Yesterday I attended one of the events happening during Social Media Week LA, one of the worldwide programs happening this week in five cities. Looking at the schedule of panels, presentations and events happening this week, I was excited to attend one on geolocation as it’s a hot topic right now in both social media and technology; the presentation did not disappoint in reinforcing that idea to me.
There were presentations from some cool applications, outside of big players like Foursquare and Gowalla, that I’ll have to share later but the first part and a lot of the panel discussions were about how geolocation is changing the world and also some expert insight as to why. With smartphones sales rising every year, expected to reach 700-800 million worldwide by 2015, consumers’ attention is shifting and geolocation is on the forefront of the change. Instead of looking at geolocation only as someone broadcasting where they are to their friends, the day showed practical uses for brands and communities.
Why are people drawn to geolocation apps? Is it a fad? The panelists obviously didn’t think so but I don’t think so either. Sure there’s the game aspect which feeds in to human nature and the desire to win something like a Foursquare Mayorship. And it can be fun to announce to your Facebook friends that you’re at the Grand Canyon. But it goes beyond that.
- If you’re in a new city, instead of asking a random stranger, you can use your phone to identify restaurants, bars or landmarks right around you, complete with other users’ reviews that can help shape your decisions.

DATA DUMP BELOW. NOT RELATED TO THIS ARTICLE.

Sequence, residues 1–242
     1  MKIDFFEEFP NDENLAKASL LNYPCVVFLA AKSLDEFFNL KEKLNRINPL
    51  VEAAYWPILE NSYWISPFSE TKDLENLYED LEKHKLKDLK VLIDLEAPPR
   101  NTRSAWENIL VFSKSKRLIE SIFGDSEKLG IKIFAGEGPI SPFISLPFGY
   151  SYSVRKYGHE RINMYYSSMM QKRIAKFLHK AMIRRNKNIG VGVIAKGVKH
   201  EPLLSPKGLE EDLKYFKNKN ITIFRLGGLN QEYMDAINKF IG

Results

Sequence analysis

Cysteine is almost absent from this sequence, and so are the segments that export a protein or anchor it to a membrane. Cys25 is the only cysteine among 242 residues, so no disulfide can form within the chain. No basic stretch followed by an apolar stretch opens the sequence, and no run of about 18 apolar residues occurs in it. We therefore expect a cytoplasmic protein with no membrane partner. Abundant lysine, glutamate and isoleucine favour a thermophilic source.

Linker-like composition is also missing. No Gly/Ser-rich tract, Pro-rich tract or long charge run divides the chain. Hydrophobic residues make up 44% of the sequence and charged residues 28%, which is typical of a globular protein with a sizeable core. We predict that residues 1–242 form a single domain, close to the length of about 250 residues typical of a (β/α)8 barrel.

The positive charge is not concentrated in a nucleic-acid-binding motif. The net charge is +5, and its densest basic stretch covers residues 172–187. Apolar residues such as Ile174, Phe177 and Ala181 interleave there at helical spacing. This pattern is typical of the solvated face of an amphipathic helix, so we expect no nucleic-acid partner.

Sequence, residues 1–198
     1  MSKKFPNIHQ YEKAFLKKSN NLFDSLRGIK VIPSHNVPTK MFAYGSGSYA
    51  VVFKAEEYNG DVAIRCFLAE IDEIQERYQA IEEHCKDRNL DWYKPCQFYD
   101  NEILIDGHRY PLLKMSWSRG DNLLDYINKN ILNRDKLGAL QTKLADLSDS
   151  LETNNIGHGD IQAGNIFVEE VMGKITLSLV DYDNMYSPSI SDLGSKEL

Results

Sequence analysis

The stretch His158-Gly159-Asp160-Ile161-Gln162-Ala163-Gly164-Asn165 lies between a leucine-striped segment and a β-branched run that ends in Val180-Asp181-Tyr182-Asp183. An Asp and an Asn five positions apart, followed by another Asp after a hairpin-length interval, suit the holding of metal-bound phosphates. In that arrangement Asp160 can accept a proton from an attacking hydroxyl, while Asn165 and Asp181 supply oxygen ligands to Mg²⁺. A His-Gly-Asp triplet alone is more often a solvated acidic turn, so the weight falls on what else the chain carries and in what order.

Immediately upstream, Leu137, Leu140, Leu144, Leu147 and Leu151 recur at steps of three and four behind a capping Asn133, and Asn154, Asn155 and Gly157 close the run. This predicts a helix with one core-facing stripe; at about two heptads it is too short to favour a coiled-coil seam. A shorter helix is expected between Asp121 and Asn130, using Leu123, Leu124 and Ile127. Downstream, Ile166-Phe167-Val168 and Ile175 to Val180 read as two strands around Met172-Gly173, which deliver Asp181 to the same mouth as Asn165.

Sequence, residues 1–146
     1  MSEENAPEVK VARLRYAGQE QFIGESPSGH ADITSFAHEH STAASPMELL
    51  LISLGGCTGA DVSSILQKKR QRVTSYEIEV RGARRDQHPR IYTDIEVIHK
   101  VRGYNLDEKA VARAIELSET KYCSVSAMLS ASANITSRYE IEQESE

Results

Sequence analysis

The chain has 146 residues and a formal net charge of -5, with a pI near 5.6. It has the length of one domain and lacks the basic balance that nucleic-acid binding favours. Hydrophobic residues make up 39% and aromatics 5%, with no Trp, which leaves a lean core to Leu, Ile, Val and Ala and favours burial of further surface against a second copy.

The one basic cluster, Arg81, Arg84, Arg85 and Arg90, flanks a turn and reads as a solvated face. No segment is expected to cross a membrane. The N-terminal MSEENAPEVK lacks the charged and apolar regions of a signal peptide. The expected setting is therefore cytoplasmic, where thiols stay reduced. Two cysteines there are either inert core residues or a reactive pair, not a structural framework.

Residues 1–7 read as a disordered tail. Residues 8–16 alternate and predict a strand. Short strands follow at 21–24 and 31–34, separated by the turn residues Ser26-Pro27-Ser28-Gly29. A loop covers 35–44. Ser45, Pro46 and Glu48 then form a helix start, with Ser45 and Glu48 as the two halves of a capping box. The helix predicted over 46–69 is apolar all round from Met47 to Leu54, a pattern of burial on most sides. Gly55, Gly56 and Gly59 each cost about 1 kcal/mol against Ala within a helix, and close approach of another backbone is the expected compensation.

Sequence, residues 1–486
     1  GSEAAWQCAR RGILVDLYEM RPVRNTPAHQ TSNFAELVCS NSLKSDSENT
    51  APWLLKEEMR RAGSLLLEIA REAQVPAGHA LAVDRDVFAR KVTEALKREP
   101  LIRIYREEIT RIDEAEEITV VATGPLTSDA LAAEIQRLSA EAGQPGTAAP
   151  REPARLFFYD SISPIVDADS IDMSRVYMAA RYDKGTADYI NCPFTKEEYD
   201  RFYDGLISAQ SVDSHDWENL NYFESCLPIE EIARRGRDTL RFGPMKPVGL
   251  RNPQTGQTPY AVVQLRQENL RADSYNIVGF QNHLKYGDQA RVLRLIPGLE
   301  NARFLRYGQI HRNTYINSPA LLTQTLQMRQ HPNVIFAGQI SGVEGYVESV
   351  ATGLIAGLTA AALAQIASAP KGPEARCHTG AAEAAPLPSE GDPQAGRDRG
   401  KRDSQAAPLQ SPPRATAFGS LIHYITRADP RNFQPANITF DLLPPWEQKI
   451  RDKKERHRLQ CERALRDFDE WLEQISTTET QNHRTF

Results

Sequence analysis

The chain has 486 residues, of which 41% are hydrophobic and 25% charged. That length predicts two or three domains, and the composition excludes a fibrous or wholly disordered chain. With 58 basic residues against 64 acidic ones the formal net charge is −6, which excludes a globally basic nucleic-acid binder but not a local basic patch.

- An app was developed that allows anyone in the state of Nevada to make bets on sporting events on the BlackBerry. Since this is heavily regulated to the state, they have to use geofencing to make sure users are within state lines.
- What about advertisers? People might make a mental note of a weekend sale based on a TV spot early in the week but might forget it by the time the weekend rolls around. But what if you got an alert on your phone when you’re in the same mall as that store? It was interesting to hear the panel compare a user’s check-ins as their foot-stream in the same way we look at a user’s click-stream online. After someone visits a Starbucks, where do they go? How often is this person returning to this movie theater?
I know it’s viewed as an emerging technology but I don’t think it’s going anywhere. One of the speakers made good analogy as a prediction. Years ago, social media itself was a product but now it’s a feature of almost every site. As technologies improve and adoption increases, look for geolocation to go from just different applications to a more integral part of brands and your every day life.
Can’t wait to share links to some apps for everyone to check out!
By the way, Social Media Week LA launched Twelethon as a fundraising tie-in to the week’s events, benefitting Inner-City Arts, “an oasis of creativity and learning providing arts education at no cost to underserved kids in the heart of Skid Row.” Check them out and support this cause if you can.